Marner's looming return causing ripple effects across Leafs' roster

Justin Cuthbert

Make way for Mitch.

Skating with a regular unit for the first time with Sheldon Keefe at the helm — while indicating that he’s ahead on his timeline to return from his high-ankle sprain — Mitch Marner’s practice presence Monday morning caused a pretty significant ripple effect.

Returning to his normal spot on right wing with John Tavares, Marner squeezed last season’s second-line staple, Zach Hyman, while leaving Ilya Mikheyev on the left side. The byproduct of the decision was a new-look third unit, with Hyman on the left side with Kasperi Kapanen and Alexander Kerfoot.

Maybe more notably, though, Marner also replaced Morgan Rielly on the No. 1 power-play unit, making Tyson Barrie the new quarterback and preserving William Nylander’s spot on the preferred special teams group.

Rielly worked with the second unit with Hyman, Kerfoot, Jason Spezza and Nic Petan.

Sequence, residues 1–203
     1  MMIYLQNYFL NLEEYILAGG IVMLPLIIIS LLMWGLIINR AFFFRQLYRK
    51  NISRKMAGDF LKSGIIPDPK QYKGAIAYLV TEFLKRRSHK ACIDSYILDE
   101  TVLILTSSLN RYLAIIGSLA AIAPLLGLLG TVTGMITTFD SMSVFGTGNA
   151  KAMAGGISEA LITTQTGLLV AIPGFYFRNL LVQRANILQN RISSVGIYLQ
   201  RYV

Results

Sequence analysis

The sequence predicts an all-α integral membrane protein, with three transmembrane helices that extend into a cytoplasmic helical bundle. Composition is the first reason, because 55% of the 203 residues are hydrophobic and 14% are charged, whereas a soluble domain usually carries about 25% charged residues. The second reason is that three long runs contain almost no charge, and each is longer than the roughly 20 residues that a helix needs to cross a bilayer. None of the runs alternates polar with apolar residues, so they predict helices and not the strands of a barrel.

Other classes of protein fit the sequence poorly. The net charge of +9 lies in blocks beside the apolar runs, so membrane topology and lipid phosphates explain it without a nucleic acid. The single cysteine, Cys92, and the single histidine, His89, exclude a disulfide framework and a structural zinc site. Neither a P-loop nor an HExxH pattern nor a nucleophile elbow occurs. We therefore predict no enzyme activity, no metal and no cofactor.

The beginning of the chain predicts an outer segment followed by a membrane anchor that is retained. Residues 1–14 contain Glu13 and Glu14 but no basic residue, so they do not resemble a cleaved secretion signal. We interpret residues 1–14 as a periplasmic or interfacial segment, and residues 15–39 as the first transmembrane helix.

Again, none of the decisions Keefe has made since taking over almost two weeks ago should be considered a demonstration for Mike Babcock, who in his time with Toronto was resistant to change. But the tweaks at practice are just further examples of how different the two coaches view both the game and the personnel in Toronto.

TORONTO, ON - NOVEMBER 07: Mitch Marner #16 and John Tavares #91 of the Toronto Maple Leafs take the ice against the Vegas Golden Knights during the second period at the Scotiabank Arena on November 7, 2019 in Toronto, Ontario, Canada. (Photo by Mark Blinch/NHLI via Getty Images)
Marner's return is expected within the next week. (Photo by Mark Blinch/NHLI via Getty Images)

Hyman and Rielly were included among the few players that would receive constant and unabated praise for their contributions under the previous regime. While still obviously valued members of the organization, they are the two players that seem to be benefitting the least from the switch to Keefe.

Rielly has struggled in many facets, but in particular from top of the umbrella on the Leafs’ power play, where he’s collected just five points in 23 games.

Hyman has been limited to nine games while missing the start of the year to continue rehabilitating his surgically-repaired knee. With injuries impacting all three members of the second line that had such immense success last season, to this point Hyman has been without the chance to share the ice with Tavares and Marner.

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